Another thing to look for is dual card slots and this may not happen with your first camera. I know my first camera did not have dual card slots and it ended up being okay. It does become important when you’re working with clients, so if you start doing client work then dual card slots is really important. When you’re first starting and you’re not working with a ton of clients, not having dual slots is not the end of the world.

IF you start photographing weddings or events that can’t be redone you’re going to want dual card slots. So when you upgrade next that is for sure a deal breaker.

#6 Bigger Sensor = Higher Image Quality

You’re going to want a bigger sensor if you can find it. Within a certain price range you’re not going to get the biggest sensor ever, but remember that the higher the megapixel number the better the image quality is going to be. If you’re going back and forth between two cameras look at the size of the sensor. If it’s 24 megapixels versus 20 megapixels you might want to lean towards the 24-megapixel sensor because it’s going to get you better image quality.

#7 Beginner Cameras = Cropped Sensor

In the beginner budget, you’re probably looking at cameras with a cropped sensor (APS-C in Canon and DX in Nikon). Cropped sensors essentially crop in your image. if you have a 50mm lens on your camera it’s actually going to act like a 75mm because it’s going to crop in. It’s hard to explain, so I would look up the difference between a crop sensor and a full-frame sensor. Whenever you transition into a full-frame sensor that’s going to be a larger sensor that’s going to have higher megapixels and the photos you take won’t be cropped in anymore. So a photo taken with a 35mm lens is actually going to look like a 35mm.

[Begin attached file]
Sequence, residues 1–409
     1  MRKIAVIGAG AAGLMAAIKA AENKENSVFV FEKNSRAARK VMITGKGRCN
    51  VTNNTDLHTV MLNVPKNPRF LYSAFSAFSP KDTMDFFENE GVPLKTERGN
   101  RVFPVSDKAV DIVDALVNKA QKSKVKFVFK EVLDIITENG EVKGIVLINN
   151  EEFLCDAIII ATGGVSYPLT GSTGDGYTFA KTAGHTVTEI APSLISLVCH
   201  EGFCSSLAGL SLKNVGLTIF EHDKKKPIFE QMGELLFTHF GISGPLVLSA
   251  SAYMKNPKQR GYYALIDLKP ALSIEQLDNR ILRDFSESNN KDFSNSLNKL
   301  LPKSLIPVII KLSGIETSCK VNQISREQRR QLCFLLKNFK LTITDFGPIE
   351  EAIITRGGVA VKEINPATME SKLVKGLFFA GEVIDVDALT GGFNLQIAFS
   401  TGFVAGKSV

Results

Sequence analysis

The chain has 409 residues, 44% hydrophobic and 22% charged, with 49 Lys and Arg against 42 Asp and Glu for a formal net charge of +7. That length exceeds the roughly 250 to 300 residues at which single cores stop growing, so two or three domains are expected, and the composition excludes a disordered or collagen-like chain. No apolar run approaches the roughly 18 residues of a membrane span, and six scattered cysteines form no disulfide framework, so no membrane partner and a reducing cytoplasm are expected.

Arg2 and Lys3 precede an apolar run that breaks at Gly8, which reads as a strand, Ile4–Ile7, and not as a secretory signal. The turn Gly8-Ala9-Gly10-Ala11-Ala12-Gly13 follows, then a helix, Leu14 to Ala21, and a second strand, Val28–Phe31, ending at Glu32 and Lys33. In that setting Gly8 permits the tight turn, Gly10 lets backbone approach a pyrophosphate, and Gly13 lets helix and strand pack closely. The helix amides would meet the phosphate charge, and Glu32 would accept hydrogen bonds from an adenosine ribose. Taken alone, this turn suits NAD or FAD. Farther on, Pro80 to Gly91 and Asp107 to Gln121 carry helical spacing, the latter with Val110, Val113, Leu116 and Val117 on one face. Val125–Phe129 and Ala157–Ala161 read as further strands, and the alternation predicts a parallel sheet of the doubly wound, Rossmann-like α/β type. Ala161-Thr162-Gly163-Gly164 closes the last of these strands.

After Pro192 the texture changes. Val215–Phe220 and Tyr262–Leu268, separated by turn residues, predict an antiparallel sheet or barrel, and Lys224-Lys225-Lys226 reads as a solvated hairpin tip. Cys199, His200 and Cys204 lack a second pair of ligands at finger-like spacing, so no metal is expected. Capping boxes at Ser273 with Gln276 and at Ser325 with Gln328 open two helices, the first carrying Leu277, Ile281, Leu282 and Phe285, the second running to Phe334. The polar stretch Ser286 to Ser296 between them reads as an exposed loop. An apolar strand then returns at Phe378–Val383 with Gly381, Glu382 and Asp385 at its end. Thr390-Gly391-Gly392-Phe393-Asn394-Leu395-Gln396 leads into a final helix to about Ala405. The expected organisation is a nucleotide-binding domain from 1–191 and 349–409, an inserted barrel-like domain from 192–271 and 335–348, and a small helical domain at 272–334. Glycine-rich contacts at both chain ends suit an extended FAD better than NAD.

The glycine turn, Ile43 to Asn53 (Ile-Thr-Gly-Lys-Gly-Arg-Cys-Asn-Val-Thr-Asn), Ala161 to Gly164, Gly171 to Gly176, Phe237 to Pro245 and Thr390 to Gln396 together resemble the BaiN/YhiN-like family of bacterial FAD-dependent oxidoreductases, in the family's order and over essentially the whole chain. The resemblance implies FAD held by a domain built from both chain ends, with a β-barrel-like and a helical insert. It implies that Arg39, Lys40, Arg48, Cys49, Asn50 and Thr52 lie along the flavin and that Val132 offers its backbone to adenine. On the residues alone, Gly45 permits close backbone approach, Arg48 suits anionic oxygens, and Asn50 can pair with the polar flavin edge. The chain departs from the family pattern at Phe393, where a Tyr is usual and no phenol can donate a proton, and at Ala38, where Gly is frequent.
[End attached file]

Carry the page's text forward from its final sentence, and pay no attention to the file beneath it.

Camera Recommendations for Beginners

  • Nikon Z50- $896 (mirrorless)
  • Canon EOS R50- $599 (mirrorless)
  • Canon EOS R100- $429 (mirrorless)
  • Sony Alpha ZV-E10- $598 (mirrorless) 
  • Canon Rebel T7- $479 (DSLR, my first camera was a Canon Rebel!)
  • Nikon d3500- $517 (DSLR)

Links to all the gear I’ve recommended can be found on this Amazon List

Camera Lens Recommendations for Beginners

  • 50mm f/1.8 I’m always going to recommend this lens for anyone starting photography!
  • 85mm f/1.8 is great for portraits. 
  • 18-55mm for street and landscape photography. 
  • Depending on what camera you get, make sure the lens mount is compatible with the lens you’re getting!

Upgrading Your Camera

Let’s talk about upgrading your camera! How do you know when it’s time to upgrade your camera? 

Your camera doesn’t work anymore. 

The first and obvious answer of when to upgrade is if your camera literally doesn’t work anymore. If your camera gets to the point where it doesn’t work, you need to upgrade. A lot of people will keep their first camera as their backup in case they need it. If you’re photographing weddings it’s important to have a backup camera in case something happens to your new camera. 

If there’s something very inconvenient about your camera (battery life, autofocus, etc).